1. Blue-light photoreceptors initiate a number of plant responses to light including phototropisms and the light-induced opening of the stomata

2. Phytochromesare pigments that regulate many of a plant’s responses to light throughout its life

  • Responses include seed germination and shade avoidance

Phytochromes exist in two photoreversible states, with conversion of Pr to Pfr triggering many developmental responses

  • Phytochromes absorb mostly red light

Fig. 39-UN3

Photoreversible states of phytochrome



Red light




biological clocks and circadian rhythms
Biological Clocks and Circadian Rhythms
  • Many plant processes oscillate during the day
  • Many legumes lower their leaves in the evening and raise them in the morning, even when kept under constant light or dark conditions

Fig. 39-20




C. Circadian rhythms are physiological cycles that have a frequency of about 24 hours and that are not paced by a known environmental clock.

  • In plants, the surge of Pfr at dawn resets the biological clock.
  • The combination of a phytochrome system and a biological clock allow the plant to accurately assess the amount of daylight or darkness and hence the time of the year

D. Photoperiodismis defined as a physiological response to a photoperiod (the relative lengths of night and day).

  • Important in plant life cycles such as flowering
  • It is night length—not day length—that controls flowering and certain other response to photoperiod.
  • Short-day plants require a period of continuous darkness longer than a critical period (length of day) in order to flower. These plants usually flower in late summer, fall, and winter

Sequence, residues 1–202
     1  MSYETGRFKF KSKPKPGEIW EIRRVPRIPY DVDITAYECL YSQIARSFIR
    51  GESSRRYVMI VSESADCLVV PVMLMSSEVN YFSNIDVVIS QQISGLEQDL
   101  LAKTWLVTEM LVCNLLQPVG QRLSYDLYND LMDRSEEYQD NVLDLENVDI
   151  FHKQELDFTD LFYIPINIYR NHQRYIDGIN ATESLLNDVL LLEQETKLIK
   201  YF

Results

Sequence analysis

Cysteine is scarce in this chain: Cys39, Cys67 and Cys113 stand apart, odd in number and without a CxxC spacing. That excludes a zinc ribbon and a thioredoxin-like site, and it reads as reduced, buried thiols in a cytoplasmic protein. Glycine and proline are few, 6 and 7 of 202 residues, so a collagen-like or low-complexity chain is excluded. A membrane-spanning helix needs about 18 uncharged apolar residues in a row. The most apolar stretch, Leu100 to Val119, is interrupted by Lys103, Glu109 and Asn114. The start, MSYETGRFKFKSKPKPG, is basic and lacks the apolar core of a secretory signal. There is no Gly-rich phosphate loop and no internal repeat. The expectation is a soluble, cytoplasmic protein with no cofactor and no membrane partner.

Long-day plants flower only if a period of continuous darkness was shorter than a critical period. They often flower in late spring or early summer. They are actually short-night plants.

  • Day-neutral plantscan flower in days of any length.

E. Responses to Other Environmental Stimuli

1. Gravitropismis a plant’s response to gravity

  • Roots show positive gravitropism
  • Shoots show negative gravitropism
  • Auxins play a key role in gravitropism

2. Thigmotropismis directional growth as a response to touch

  • Ex: tendrils

Fig. 39-26ab

(b) Stimulated state

(a) Unstimulated state

environmental stresses
Environmental Stresses
  • Environmental stresses have a potentially adverse effect on survival, growth, and reproduction
  • Stresses can be abiotic (nonliving) or biotic (living)
  • Abiotic stresses include drought, flooding, salt stress, heat stress, and cold stress
concept 39 5 plants respond to attacks by herbivores and pathogens
Concept 39.5: Plants respond to attacks by herbivores and pathogens
  • Plants use defense systems to deter herbivory, prevent infection, and combat pathogens
defenses against herbivores
Defenses Against Herbivores
  • defenses such as thorns and chemical defenses such as distasteful or toxic compounds
  • Some plants even “recruit” predatory animals that help defend against specific herbivores

Fig. 39-28

Recruitment of

parasitoid wasps

that lay their eggs

within caterpillars



Synthesis and

release of

volatile attractants


in saliva




Signal transduction



defenses against pathogens
Defenses Against Pathogens
  • A plant’s first line of defense against infection is the epidermis and periderm
  • If a pathogen penetrates the dermal tissue, the second line of defense is a chemical attack that kills the pathogen and prevents its spread
A virulent pathogen is one that a plant has little specific defense against
  • An avirulentpathogen is one that may harm but does not kill the host plant
the hypersensitive response
The Hypersensitive Response
  • The hypersensitive response
    • Causes cell and tissue death near the infection site
    • Induces production proteins, which attack the pathogen
    • Stimulates changes in the cell wall that confine the pathogen